Premier Wen Jiabao has urged government officials to
strengthen efforts to control and prevent sandstorms and
China faces a serious threat of desertification, and this
requires afforestation efforts to be stepped up, Wen told a meeting
attended by sandstorm control experts on Monday.
"It's long-term, arduous work fighting the sand, and China
should improve sand control mechanisms," Wen said.
Organizations under the State Council should strengthen
cooperation to improve sand control policies, and increase
investment in desert control, he added.
He also encouraged residents in desert areas to participate in
efforts to stop desertification.
At the meeting, Chinese scientists and experts offered
suggestions on the types of trees that could be planted in deserts,
environmental rehabilitation in the source regions of sandstorms,
adjustment of the agricultural structure in northwest China, and
establishing sandstorm monitoring and alarm systems.
They also called for greater international cooperation in the
prevention of sandstorms.
Sandstorms have hit China 17 times this year, with 12 of them
crossing international borders. China, Japan, South Korea and
Mongolia have agreed on a plan to jointly fight sandstorms.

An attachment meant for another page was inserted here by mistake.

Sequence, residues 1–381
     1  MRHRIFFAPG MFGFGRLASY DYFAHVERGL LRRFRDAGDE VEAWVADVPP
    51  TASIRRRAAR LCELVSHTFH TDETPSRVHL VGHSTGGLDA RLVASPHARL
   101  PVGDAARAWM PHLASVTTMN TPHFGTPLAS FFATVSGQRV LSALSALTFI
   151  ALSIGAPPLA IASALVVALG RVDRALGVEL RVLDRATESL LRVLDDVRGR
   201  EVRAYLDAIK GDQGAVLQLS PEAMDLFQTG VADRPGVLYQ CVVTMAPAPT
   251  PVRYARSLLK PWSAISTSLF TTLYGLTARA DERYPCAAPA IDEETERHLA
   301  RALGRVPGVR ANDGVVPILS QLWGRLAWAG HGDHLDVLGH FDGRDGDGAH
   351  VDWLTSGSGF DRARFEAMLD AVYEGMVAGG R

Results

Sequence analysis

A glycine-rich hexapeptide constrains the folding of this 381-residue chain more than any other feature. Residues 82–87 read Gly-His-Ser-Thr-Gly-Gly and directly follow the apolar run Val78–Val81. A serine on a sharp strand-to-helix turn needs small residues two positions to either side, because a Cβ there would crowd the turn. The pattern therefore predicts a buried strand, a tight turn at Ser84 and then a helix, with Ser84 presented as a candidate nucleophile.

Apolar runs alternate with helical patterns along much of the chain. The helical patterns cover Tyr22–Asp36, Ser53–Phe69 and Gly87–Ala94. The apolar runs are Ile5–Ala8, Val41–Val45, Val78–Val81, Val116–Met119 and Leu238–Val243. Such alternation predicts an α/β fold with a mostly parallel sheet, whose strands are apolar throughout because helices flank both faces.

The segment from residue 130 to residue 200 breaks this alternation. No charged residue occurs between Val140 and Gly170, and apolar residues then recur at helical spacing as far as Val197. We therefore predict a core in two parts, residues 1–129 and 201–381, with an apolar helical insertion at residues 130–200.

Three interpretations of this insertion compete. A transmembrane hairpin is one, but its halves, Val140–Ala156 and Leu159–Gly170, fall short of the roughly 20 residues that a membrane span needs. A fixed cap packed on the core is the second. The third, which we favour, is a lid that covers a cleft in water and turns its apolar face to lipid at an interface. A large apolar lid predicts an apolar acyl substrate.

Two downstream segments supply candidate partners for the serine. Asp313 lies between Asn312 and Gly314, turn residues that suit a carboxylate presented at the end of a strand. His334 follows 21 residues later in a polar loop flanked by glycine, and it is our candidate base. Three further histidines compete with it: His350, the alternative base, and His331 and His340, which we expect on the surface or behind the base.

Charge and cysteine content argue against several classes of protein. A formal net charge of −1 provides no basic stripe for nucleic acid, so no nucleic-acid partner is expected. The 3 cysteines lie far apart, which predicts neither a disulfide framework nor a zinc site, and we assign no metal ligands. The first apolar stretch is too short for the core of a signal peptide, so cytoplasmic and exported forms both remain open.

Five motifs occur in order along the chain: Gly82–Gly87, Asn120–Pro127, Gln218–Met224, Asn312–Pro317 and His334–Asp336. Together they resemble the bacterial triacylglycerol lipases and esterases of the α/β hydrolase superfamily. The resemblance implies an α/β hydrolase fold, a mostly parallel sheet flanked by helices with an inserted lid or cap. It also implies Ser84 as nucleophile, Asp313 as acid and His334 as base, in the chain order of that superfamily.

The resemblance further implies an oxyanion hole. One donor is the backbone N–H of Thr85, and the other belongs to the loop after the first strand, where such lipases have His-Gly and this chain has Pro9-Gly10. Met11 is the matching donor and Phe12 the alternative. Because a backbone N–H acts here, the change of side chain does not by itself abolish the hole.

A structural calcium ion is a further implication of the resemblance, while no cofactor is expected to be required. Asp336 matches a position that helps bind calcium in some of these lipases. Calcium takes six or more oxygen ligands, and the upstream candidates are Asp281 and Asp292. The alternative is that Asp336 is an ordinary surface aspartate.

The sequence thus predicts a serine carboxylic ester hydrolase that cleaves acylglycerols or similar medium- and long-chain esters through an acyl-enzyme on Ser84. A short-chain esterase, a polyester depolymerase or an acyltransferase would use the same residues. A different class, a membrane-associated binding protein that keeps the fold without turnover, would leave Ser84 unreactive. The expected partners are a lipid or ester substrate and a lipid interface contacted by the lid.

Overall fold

As a result of one of the more serious storms this spring, sand
blanketed about an eighth of Chinese land from April 14 to 18, and
about 330,000 tons of sand fell on Beijing alone overnight.
A violent sandstorm hit northwest China in April, killing one
person in Xinjiang Uygur Autonomous Region and forcing
dozens of trains to suspend operations.
Deserts in the western regions of China continue to expand, said
Wu Zhongze, an official with the State Forestry Administration.
Much of the farmland in Qinghai and Gansu provinces and Xinjiang is becoming
Apart from climate factors, experts blame the advance of deserts
on rampant logging, overgrazing, excessive farming and the reckless
use of water resources.
China suffers from one of the world's most serious
desertification problems, with 2.64 million sq km -- or 27.46
percent of its territory -- having already turned into desert.
(Xinhua News Agency June 14, 2006)